I was beginning to understand that the deprivation of citizenship was inter-generational.

‘The Indian Government did not help us in our capacity as INA personnel or as freedom fighters. We do not get even a paisa as pension from the Indian Government, nor do we have citizenship from the Burmese Government.‘

‘Have you written to India for a pension,’ U asked, dumbstruck.

‘Yes, I have.’

‘And have you received any response?’

‘Yes, the INA committee has said I have to be a citizen of India to receive a pension. I am a citizen of no country.’

I felt a small dark moth fluttering around my heart. Here was a man who had joined the INA, collected funds for the cause, spent a month in Rangoon jail but was bereft of citizenship of either country.

‘Not only that,’ Perumal added, ‘We really want to teach our children their mother tongue. We want them to read Tamil, but the Indian embassy has stopped the supply of free Tamil newspapers and magazines. Something we can ill afford to buy with our meagre incomes. Our children do not know what is happening in India and they do not even know their language.’

‘So are you saying you have no citizenship nor do you receive any ex-gratia payment, pension or even a newspaper?’ I clarified.

‘Yes, we get nothing. Nothing at all,’ he said, and now a shadow crossed his face. The dark moth folded her wings and dipped her head into my heart.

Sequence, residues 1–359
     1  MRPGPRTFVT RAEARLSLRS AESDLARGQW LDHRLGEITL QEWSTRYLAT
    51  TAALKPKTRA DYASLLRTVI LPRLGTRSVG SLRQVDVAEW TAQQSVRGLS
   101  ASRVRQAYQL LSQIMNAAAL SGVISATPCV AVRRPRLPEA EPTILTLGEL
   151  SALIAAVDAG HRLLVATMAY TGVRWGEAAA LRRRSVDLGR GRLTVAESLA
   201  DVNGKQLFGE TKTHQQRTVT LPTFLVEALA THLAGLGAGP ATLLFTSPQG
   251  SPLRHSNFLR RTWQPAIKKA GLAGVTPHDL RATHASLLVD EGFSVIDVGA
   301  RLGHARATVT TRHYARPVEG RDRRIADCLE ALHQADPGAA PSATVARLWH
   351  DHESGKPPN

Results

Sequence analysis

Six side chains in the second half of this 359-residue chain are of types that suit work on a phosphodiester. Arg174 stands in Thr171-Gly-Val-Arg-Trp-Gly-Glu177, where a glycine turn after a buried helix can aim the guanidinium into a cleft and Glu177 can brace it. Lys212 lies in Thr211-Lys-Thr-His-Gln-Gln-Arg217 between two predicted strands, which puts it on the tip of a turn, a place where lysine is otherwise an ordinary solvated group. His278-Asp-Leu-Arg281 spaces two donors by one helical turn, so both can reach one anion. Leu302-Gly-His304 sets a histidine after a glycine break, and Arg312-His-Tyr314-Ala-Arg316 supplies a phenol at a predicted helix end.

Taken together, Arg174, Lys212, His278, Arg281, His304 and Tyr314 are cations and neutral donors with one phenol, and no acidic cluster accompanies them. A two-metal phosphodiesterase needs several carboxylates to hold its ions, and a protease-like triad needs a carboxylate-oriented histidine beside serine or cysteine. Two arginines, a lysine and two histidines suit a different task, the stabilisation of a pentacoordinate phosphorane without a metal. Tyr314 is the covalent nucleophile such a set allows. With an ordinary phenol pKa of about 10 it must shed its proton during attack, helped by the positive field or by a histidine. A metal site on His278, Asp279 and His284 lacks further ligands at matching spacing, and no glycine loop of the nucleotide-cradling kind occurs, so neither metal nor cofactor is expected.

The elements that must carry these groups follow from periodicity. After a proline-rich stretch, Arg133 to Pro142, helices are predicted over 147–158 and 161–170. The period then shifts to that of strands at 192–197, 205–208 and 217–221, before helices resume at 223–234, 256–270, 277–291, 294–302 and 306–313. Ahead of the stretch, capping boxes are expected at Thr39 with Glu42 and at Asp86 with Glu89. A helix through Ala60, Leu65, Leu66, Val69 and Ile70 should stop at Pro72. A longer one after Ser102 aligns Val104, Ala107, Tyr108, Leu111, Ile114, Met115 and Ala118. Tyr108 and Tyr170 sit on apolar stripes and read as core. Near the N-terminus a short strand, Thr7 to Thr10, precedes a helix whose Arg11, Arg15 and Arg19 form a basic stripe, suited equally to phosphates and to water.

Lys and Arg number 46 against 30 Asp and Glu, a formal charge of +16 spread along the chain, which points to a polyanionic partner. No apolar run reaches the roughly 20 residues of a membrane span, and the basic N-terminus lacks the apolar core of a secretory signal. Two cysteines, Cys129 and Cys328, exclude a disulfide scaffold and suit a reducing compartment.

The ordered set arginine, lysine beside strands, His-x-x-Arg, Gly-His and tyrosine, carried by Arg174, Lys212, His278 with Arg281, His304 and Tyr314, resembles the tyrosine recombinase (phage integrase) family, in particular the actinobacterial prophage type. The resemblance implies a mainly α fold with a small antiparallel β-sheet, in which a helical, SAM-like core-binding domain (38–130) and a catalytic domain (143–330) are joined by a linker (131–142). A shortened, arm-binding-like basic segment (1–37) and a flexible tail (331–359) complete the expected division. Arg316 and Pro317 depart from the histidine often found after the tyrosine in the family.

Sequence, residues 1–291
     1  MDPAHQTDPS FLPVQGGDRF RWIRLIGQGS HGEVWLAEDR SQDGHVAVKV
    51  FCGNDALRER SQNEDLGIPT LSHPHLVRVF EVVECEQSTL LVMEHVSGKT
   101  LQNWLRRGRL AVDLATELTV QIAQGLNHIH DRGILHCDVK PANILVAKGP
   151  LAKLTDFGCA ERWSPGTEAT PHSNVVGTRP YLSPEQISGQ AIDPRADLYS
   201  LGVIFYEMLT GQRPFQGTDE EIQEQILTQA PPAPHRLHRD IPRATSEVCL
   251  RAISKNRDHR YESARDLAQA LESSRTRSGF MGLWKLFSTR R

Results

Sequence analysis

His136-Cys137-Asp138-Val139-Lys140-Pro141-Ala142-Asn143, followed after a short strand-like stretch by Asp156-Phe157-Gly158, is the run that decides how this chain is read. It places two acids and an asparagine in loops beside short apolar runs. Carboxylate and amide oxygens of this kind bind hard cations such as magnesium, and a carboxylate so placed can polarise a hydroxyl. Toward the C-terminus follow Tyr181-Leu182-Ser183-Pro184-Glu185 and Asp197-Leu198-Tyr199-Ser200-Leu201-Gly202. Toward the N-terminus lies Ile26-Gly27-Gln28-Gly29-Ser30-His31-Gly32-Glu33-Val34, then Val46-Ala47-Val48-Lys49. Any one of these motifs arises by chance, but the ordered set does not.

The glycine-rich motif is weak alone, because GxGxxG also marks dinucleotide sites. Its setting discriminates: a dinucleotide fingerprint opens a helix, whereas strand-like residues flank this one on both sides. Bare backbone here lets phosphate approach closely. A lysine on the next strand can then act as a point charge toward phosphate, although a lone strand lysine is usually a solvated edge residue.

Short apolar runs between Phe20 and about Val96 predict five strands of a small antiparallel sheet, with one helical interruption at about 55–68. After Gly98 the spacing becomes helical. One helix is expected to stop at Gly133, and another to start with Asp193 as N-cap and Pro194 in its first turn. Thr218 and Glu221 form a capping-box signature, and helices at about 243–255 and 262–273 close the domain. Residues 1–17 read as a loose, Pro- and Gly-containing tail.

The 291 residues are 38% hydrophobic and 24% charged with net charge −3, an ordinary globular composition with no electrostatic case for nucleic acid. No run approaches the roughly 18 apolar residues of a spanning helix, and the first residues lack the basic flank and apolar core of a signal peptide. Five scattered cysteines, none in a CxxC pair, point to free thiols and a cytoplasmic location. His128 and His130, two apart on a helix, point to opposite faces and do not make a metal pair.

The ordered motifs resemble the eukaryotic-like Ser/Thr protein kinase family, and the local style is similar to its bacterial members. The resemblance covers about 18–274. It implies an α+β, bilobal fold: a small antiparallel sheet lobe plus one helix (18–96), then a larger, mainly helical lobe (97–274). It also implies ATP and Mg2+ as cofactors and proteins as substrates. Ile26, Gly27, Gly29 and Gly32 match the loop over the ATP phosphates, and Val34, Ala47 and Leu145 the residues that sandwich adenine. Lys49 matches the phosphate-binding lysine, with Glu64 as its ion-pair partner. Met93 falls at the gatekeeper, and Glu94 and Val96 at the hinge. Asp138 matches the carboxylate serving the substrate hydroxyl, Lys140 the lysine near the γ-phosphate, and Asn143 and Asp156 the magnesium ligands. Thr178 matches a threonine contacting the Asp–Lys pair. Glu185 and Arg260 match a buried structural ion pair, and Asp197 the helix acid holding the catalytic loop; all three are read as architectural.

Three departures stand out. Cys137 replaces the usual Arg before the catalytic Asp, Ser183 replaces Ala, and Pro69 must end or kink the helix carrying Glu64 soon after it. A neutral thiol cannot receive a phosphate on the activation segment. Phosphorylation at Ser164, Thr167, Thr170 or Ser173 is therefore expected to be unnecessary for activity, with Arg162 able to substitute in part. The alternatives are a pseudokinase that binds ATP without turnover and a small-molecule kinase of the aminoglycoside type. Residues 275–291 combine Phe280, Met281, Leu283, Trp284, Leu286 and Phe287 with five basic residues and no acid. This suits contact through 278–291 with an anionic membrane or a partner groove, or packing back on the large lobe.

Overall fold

(pp. 250-251)

Interview of Chinnaya, Rangoon (Yangon), 2004

‘And how did you join the INA?’ I asked.

‘Well, there was a call for freedom. I just joined. My job was to carry the injured to the hospital.’

‘And now,’ I asked, looking around the poverty-stricken hovel. ‘Do you regret everything you sacrificed?’

‘I feel happy I could do something for my motherland,’ he responded.

‘How do you live? What is your livelihood?’ I asked Chinnaya.

‘My son is a schoolteacher and he supports me and my wife.’ He opened a black tin trunk with the help of his wife. He showed me a document carefully preserved in plastic. It was a Foreigners Registration Certificate (FRC).

‘You are not a citizen of Burma?’

‘No,’ said Chinnaya quietly. ‘We are not citizens of Burma, we are foreigners and we have to get this renewed every year.’

I learnt that those on the FRC could not get a job, buy property or even travel within Burma without getting permission from the Ministry of Immigration. Chinnaya clutched onto the document—his only identity—as I questioned him. I found out that he, who has been in Burma for over sixty years, and his son, who was born here, wrere foreigners like Perumal and many others.

Chinnaya sang the anthem of the Indain National Army for me: ‘Sukh chain kee barkha barse...’ (May peace and contentment be showered on my motherland), and my eyes brimmed over. I was grateful at this moment that Chinnaya was blind and could not see the tears of shame and anger streaming down my face.

(p. 253)